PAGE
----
I know this is scary to think about, but it is even scarier to think about not being able to help our kids when they need us. Just having them sign the form (note, you may need two witnesses or a notary in most states) can give you peace of mind, but it is also helpful to have a more general discussion about health care wishes. In fact, I encourage clients to start this discussion as soon as their kids are teens, and just like sex ed, the discussion is way easier and less charged when the issue is not urgent.

  • Access to financial accounts

Talk with colleges and banks about who gets bills and statements. Often if the student is the sole owner of the account, you will not have access unless the student specifically grants it in writing. Discuss with your child what access you are requesting and why. Most colleges do not send grades or other private information to parents of students over 18, but access can be granted to much of the information by your student. Each college handles this slightly differently, so it is worth looking into. This is a family by family discussion. There are no right or wrong answers. I just encourage you to be aware and talk.

  • Registering to vote

Students may want to register to vote, and if they do and will be away on election day, they may need to request an absentee ballot. Check with your voting area about specific rules and processes.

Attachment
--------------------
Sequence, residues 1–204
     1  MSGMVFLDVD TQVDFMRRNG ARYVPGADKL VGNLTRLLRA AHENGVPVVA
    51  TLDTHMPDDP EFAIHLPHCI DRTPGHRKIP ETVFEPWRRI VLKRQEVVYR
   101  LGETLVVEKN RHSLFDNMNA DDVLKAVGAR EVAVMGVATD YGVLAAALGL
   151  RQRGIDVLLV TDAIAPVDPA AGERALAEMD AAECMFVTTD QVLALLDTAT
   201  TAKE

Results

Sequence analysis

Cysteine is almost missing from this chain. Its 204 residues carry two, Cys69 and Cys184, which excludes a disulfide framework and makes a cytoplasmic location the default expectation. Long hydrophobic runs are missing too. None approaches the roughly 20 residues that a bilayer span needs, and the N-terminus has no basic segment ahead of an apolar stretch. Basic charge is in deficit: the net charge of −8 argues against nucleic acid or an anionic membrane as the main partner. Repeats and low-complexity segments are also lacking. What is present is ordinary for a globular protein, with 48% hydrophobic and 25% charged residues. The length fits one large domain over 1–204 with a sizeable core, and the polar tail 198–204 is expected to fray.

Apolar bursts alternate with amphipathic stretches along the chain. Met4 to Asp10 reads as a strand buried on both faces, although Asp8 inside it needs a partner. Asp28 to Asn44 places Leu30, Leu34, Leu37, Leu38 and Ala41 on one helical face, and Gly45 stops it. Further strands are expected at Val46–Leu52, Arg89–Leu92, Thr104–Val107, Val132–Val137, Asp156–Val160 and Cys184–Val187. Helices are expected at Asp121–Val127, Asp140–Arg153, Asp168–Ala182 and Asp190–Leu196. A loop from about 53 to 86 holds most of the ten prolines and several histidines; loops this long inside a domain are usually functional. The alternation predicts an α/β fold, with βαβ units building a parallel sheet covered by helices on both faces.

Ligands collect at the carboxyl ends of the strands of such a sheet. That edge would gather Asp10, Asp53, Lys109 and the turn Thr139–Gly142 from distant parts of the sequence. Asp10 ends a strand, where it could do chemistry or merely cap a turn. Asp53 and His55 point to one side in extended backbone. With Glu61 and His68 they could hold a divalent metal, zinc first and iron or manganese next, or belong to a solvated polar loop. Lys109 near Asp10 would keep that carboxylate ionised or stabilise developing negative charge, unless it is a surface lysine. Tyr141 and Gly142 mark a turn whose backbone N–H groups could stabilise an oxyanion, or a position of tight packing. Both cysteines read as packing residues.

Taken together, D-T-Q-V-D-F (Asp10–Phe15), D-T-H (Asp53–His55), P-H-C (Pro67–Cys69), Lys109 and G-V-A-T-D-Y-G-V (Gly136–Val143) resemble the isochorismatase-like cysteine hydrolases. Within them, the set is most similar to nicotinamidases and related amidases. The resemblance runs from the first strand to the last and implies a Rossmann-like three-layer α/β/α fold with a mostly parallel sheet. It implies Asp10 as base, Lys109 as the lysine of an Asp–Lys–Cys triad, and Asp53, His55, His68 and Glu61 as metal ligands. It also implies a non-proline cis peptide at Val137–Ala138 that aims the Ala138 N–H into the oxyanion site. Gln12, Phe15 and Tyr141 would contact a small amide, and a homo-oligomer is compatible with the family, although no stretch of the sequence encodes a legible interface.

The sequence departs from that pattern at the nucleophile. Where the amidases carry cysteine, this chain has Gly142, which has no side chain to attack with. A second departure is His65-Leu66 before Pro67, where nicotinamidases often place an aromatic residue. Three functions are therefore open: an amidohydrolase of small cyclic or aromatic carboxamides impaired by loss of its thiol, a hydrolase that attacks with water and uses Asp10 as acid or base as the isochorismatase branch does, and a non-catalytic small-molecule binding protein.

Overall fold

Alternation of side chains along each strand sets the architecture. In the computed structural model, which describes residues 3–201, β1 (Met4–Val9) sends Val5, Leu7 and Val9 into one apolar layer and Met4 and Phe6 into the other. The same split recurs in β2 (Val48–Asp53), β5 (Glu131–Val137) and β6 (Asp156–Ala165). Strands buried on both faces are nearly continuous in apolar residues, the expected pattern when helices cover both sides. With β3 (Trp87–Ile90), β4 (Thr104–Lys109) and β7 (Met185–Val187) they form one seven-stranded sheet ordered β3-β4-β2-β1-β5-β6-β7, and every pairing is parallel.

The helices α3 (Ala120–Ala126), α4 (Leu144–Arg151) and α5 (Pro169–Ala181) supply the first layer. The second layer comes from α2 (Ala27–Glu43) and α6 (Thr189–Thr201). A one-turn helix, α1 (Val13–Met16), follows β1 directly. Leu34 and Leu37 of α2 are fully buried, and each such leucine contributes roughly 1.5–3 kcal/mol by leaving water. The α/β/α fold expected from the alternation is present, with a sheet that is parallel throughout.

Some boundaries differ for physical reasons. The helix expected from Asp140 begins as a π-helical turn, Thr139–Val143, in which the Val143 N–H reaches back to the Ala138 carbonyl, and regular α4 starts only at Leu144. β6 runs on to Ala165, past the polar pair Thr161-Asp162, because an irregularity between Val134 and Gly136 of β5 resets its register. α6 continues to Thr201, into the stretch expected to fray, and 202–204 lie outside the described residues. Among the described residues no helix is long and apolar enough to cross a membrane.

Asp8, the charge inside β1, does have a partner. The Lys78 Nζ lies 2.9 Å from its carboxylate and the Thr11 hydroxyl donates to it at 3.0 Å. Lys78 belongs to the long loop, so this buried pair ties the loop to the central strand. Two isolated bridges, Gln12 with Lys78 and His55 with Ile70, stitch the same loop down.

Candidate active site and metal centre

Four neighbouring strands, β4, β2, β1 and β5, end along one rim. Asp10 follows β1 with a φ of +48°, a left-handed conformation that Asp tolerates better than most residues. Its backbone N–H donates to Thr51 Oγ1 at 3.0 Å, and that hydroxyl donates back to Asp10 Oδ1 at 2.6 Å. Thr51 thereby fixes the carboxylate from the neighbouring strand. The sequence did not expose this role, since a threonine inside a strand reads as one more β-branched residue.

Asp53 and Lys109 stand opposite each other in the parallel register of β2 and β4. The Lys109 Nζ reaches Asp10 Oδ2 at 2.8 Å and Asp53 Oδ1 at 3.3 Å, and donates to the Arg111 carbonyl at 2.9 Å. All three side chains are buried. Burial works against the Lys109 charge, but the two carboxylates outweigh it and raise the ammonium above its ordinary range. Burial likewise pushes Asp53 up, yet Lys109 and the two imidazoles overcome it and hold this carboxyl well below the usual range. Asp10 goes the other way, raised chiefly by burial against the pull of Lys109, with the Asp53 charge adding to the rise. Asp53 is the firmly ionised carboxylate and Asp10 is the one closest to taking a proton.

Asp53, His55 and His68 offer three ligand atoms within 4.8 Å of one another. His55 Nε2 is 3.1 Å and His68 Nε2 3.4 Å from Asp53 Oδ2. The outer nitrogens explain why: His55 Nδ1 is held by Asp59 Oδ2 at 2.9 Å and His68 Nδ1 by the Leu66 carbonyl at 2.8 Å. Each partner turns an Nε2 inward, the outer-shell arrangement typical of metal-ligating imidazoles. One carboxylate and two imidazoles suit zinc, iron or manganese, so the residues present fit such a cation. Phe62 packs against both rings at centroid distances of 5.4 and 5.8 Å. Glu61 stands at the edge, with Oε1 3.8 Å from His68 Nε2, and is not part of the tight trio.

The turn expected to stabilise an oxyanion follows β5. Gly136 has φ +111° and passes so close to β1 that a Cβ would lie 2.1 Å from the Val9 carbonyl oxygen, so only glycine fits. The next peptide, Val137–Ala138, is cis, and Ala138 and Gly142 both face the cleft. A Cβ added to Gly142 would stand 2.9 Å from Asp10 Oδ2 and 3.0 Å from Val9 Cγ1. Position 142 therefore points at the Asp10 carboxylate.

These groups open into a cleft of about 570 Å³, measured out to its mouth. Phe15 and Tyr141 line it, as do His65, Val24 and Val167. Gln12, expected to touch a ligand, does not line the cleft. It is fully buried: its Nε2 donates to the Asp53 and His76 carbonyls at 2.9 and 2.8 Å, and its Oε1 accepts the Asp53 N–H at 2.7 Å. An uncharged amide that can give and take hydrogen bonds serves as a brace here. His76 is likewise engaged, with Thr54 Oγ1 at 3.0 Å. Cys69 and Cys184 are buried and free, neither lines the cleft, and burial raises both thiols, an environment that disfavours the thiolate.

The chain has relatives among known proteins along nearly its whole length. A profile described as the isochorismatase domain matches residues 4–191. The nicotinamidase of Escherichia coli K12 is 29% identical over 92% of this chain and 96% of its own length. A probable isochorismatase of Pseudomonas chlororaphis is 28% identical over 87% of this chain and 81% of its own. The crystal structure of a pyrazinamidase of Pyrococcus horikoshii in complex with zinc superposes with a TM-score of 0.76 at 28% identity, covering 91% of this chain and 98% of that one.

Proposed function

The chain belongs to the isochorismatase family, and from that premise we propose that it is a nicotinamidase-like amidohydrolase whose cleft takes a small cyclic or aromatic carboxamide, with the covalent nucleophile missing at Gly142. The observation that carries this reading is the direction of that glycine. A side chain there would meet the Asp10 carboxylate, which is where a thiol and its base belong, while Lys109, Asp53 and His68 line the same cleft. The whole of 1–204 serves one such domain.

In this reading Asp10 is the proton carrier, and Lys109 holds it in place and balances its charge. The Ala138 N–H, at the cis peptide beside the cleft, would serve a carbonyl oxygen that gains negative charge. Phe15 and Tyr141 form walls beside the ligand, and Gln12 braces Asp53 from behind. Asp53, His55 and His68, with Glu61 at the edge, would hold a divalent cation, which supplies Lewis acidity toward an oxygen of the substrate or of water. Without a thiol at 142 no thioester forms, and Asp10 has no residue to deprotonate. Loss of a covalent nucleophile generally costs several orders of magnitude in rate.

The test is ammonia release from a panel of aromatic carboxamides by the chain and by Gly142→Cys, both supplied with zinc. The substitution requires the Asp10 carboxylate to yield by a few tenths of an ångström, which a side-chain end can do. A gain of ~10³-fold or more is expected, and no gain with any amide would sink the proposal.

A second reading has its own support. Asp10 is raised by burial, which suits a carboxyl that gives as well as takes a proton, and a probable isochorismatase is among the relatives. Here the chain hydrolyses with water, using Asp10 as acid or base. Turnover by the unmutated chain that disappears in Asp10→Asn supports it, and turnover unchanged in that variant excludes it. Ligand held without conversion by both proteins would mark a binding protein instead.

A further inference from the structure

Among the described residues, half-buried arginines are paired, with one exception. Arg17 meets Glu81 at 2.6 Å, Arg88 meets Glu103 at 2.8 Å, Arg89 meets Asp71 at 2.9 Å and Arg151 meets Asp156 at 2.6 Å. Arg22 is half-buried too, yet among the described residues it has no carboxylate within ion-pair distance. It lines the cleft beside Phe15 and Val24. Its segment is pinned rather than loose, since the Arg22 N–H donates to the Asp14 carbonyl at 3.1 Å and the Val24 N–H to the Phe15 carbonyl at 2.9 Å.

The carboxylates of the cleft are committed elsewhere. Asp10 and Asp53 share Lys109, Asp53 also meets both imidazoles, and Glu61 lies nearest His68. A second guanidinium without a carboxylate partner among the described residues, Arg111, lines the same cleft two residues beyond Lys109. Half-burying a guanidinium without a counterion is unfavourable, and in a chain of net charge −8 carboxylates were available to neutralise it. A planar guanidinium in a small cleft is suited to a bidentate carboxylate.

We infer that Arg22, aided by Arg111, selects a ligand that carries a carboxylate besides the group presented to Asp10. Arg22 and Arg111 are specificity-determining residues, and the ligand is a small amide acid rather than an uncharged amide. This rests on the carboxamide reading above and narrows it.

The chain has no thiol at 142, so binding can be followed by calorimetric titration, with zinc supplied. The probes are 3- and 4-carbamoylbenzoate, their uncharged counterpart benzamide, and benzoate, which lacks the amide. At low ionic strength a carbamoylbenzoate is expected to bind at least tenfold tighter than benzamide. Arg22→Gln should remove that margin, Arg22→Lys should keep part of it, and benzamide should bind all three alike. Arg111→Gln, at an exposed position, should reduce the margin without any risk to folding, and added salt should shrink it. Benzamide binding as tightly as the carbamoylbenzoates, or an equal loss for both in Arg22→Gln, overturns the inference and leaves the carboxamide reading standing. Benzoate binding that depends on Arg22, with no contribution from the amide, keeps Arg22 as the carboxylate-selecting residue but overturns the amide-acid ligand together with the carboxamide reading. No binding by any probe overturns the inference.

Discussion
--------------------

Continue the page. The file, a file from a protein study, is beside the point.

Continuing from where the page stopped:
• Power of attorney

Some families have their child sign a financial power of attorney. This allows you to sign documents on your child’s behalf. It can also give you access to financial accounts. These are useful when students are out of the country. Again, discuss with your family attorney as to whether this is advisable for you and your child.

Get the Logistics Out of the Way So You Can Focus on Celebrating

There are a lot of things to think about when your child is getting ready for college. We tend to think of the logistics of getting to college and getting the dorm or apartment ready. We look at the cost of tuition, room and board, and books. We try to prepare emotionally. But too often legal and financial issues (aside from direct college costs) get ignored until there is a problem.

I know you’re waiting to see where your kids will go to school and trying to get them through these last few months. You’re planning for graduation and know you need to get them ready. As you prepare, don’t forget these important documents and conversations. And doing so now, allows the end of year be all about the celebration of graduation and the excitement of this next big step.

If you have older children, many of these checklist items still apply. In fact a financial power of attorney may be even more useful for a child who is financially independent. In the event they cannot make decisions for themselves, their power of attorney can step in. That may be you or their spouse or someone else they choose.

One last thing! Since your kids are about to leave the nest, another great thing to give them is your family motto. If you don’t have one, sign up here to get my step-by-step guide: How to Create a Family Motto.